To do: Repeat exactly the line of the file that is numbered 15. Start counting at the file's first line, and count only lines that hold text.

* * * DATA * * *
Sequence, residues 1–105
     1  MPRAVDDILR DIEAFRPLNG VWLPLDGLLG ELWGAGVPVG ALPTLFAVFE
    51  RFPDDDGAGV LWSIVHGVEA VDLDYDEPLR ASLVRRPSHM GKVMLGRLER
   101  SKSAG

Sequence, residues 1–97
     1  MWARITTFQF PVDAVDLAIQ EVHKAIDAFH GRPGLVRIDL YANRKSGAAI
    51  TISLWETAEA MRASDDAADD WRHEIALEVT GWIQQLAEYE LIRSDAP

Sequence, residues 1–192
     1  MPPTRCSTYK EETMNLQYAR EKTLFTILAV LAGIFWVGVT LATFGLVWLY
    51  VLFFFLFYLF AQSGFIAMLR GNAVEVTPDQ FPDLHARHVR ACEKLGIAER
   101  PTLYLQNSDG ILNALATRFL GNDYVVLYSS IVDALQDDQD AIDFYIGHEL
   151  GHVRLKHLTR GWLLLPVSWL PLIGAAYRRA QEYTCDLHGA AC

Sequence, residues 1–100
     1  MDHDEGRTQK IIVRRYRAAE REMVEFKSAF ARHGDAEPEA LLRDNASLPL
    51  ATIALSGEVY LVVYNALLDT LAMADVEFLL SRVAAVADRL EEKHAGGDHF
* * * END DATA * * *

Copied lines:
    51  ATIALSGEVY LVVYNALLDT LAMADVEFLL SRVAAVADRL EEKHAGGDHF